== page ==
Your ability to make payments

You generally shouldn’t open new credit cards unless you can commit to responsible spending habits. Don’t look at a higher credit limit as permission to spend more. Instead, focus on using new cards for regular, essential expenses and always pay your bill on time. It’s also best to pay the balance off in full, rather than just making the minimum required credit card payment each month. This demonstrates responsible financial behavior. It can also help you avoid going into credit card debt and accruing interest charges.

The pros and cons of having multiple credit cards

Having multiple credit cards can offer both advantages and disadvantages.

The pros of having multiple credit cards

  • When you pay your credit card balances in full each month, this shows lenders you can handle credit responsibly.

  • Having multiple credit cards gives you a higher total credit limit, which could help keep your total credit utilization rate low.

  • When you have multiple cards, you can spread your purchases across them. This can keep the credit utilization ratio low for each individual card. (Maxing out your credit cards or excessively charging them is considered risky credit behavior.)

  • Different credit card companies provide various perks and rewards programs. A cash-back card could provide you with extra spending money, while travel credit cards, retail cards, and other rewards credit cards could help you earn travel rewards, airline miles, or discounts at certain stores. These perks could help you take advantage of extra savings while you build your credit.

The cons of having multiple cards

  • With multiple cards at your disposal, it can be tempting to spend beyond your means.

  • Managing multiple cards with various due dates can require a high level of organization. If you accidentally overlook a payment, you’ll be responsible for paying late fees and interest charges. It could also hurt your credit score.

  • When a cardholder opens multiple credit cards within a short space of time, that could be a red flag for potential lenders. Multiple hard inquiries could also temporarily drop your credit score.

  • While many credit cards — especially balance transfer cards — offer 0% interest and free credit for the first few months, you may be required to pay annual fees after the initial introductory offer. These fees can add up quickly as you accumulate more cards.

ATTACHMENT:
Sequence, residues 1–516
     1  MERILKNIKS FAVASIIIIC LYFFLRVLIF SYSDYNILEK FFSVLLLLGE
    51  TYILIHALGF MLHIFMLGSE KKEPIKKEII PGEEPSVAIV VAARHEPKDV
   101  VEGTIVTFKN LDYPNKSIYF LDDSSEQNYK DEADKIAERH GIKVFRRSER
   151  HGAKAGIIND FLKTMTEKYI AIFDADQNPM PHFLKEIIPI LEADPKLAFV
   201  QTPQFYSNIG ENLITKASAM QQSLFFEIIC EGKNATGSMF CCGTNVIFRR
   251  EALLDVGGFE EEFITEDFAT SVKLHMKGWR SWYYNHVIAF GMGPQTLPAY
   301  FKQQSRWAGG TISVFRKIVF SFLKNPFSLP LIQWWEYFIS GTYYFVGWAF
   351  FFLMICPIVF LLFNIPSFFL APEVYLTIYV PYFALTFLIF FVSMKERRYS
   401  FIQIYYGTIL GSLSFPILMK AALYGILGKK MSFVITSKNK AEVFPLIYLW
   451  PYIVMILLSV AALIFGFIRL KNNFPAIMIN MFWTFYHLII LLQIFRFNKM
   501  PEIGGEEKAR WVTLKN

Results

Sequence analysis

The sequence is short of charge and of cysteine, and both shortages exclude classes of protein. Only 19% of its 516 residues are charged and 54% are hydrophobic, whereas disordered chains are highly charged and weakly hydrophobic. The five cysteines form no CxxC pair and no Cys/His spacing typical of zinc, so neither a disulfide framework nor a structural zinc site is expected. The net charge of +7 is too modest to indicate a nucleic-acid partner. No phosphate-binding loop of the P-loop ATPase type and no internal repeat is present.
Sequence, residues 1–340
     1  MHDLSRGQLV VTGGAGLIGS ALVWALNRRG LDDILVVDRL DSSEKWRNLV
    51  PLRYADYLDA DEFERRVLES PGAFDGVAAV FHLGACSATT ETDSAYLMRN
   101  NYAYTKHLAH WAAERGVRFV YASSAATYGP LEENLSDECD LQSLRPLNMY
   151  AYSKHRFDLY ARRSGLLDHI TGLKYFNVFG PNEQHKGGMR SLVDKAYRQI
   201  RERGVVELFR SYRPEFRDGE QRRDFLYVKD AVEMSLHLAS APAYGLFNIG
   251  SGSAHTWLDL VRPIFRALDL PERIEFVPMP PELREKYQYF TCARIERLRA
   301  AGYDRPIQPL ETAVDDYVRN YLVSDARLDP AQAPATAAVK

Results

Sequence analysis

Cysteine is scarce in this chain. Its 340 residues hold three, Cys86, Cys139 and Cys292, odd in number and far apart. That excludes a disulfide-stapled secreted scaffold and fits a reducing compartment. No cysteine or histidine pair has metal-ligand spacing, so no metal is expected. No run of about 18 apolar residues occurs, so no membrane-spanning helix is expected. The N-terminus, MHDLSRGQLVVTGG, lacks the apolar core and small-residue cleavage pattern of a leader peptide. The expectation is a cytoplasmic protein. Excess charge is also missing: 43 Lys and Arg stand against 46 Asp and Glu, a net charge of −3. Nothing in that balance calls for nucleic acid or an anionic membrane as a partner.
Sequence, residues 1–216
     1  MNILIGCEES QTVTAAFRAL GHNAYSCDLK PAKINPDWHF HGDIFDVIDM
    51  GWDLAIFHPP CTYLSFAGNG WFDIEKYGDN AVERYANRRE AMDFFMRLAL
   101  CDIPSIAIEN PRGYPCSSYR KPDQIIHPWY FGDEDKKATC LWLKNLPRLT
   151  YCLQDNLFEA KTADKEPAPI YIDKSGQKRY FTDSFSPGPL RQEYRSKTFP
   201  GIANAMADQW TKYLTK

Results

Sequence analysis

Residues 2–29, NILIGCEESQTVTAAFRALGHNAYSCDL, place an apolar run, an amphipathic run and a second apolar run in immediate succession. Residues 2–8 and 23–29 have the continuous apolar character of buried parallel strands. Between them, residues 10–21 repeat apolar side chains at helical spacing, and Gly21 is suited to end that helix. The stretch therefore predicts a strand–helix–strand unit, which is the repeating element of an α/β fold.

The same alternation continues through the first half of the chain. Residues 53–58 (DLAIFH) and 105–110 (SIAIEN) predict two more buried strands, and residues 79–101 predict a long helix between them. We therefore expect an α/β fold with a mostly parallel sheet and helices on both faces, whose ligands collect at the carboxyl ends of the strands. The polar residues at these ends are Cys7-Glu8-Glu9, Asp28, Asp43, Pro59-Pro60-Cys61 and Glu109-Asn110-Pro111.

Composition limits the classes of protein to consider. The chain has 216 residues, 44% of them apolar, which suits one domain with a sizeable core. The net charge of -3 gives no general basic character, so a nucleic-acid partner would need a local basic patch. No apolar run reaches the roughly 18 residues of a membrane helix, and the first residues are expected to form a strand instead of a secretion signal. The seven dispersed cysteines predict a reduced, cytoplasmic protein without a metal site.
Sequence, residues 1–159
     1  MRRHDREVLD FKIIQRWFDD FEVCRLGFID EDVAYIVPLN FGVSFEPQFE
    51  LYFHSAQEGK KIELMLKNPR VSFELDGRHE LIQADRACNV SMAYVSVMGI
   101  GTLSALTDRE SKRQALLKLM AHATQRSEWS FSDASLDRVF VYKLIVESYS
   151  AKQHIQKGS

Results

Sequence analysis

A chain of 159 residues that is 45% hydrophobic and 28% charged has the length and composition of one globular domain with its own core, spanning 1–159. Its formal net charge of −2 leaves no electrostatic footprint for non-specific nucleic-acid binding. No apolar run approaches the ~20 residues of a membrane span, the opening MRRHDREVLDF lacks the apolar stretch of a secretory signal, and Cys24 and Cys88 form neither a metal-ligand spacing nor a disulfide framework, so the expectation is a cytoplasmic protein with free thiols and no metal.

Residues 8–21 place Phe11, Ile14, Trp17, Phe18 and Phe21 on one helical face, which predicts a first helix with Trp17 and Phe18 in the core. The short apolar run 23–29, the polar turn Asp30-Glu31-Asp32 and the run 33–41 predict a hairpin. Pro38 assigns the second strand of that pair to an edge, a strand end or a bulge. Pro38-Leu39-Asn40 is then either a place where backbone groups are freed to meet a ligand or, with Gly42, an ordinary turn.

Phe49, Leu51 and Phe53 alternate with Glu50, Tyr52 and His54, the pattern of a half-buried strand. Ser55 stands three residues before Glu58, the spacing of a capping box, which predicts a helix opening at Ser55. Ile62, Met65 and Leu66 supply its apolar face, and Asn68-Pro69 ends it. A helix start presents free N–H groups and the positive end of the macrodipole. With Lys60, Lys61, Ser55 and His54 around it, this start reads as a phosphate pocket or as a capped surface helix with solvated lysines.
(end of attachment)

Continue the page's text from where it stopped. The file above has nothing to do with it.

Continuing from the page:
Compare credit cards on Navient Marketplace

Whether you want to add diversity to your credit mix or increase your credit utilization ratio through additional lines of credit, Navient can help you find credit card offers tailored just for you. Explore Navient Marketplace today to begin your search and find the best credit card for your financial goals.

Navient may receive compensation when you click on links associated with this Navient Marketplace. Navient is not being compensated for any application, quotation, or the purchase of any financial products.


Disclaimer: This blog post provides personal finance educational information, and it is not intended to provide legal, financial, or tax advice.


 Information in this blog, including the rates advertised, are current as of 06/20/2023 and subject to change. For current rates, please visit

© 2023 Navient Solutions, LLC. All rights reserved. Navient and the Navient logo are registered service marks of Navient Solutions, LLC. Other logos are trademarks or service marks of their respective owners. Navient Corporation and its subsidiaries, including Navient Solutions, LLC, and Earnest LLC are not sponsored by or agencies of the United States of America. Licenses: Navient Solutions, LLC - NMLS #212430 - Maine Loan Broker License # 212430, North Dakota Money Broker License MB103173.

Get matched with a credit card offer that helps you achieve your financial goals.

Get Connected

Stay up to date on the latest offers in the Marketplace by Navient!

By submitting this form, you agree to receive emails from Navient and its subsidiaries.